See alsoEdit

ReferencesEdit

  1. http://www.telegraph.co.uk/news/uknews/1576406/28-gun-crimes-committed-in-UK-every-day.html
  2. http://www.heraldsun.com.au/news/victoria/gun-culture-on-the-rise/story-e6frf7l6-1226332737765
  3. 3.0 3.1 3.2 3.3 Spitzer, Robert J.: The Politics of Gun Control, Chapter 1. Chatham House Publishers, 1995.
  4. Hofstadter, Richard: America as a Gun Culture. American Heritage Magazine, October, 1970.
  5. "The .22 Caliber Rorschach Test" by Erik Luna, article in Houston Law Review]
  6. Linder, Doug (2008). "DISTRICT OF COLUMBIA, et al., PETITIONERS v. DICK ANTHONY HELLER". Exploring Constitutional Law. University of Missouri-Kansas City Law School. http://www.law.umkc.edu/faculty/projects/ftrials/conlaw/dcvheller.html. Retrieved 2008-07-26. 
  7. "Four Rules". Thegunzone.com. 2002-06-15. http://www.thegunzone.com/therules.html. Retrieved 2012-04-18. 
  8. "Three Rules". Coyneparkrange.net. http://www.coyneparkrange.net/safe_rul.html. Retrieved 2012-04-18.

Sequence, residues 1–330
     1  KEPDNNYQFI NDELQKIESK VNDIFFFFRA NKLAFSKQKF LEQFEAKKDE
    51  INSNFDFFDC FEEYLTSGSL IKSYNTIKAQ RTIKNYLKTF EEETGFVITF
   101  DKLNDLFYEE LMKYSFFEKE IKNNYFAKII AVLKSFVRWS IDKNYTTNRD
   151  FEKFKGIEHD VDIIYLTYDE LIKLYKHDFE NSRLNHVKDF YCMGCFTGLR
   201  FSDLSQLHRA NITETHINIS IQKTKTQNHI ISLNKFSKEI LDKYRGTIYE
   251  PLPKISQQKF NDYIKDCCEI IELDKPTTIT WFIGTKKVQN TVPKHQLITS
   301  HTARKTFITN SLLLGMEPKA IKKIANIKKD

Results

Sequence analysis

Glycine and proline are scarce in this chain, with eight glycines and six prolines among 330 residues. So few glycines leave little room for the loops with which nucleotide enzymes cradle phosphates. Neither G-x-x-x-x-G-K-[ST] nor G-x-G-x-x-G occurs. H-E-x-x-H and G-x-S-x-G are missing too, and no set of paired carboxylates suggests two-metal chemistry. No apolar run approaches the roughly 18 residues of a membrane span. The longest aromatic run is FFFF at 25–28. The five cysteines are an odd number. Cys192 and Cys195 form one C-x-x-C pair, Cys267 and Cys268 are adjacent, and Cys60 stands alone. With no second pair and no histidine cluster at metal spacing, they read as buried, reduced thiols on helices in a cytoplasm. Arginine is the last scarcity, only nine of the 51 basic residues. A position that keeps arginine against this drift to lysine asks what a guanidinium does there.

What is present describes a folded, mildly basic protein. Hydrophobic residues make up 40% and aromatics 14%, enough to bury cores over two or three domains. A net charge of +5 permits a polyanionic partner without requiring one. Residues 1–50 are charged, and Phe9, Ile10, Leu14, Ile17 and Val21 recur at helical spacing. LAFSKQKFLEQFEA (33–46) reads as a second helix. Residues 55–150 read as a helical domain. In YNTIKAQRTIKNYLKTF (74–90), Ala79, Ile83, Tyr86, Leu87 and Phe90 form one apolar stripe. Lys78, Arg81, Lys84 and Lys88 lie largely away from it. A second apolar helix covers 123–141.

9. DAVID B KOPEL. "Japanese Gun Control". http://www.guncite.com/journals/dkjgc.html. 
  10. The Gun Nut blog at Field & Stream
  11. "Shoot-out Confirms Foreign View of America as 'Gun Nut' Country" by T.R. Reid, The Buffalo News, July 26, 1998
  12. "Massacres Fail to Sway Gun Nuts and their Lobbyists" November 7, 1991, Press-Telegram (Long Beach, CA)
  13. "Small steps on gun control" Los Angeles Times, June 17, 2007
  14. "Gun nut fired over pics" by Jamie Pyatt, The Sun (UK)
  15. "'Terror in Capitol' No Surprise to World" By T.R. Reid, Washington Post, July 26, 1998
  16. " 'Gun nut' loses his jail sentence appeal" in Cambridge Evening News, July 12, 2007
  17. "Pistol duel ended rampage" by Richard D. Walton and Tom Spalding, The Indianapolis Star, August 20, 2004

External linksEdit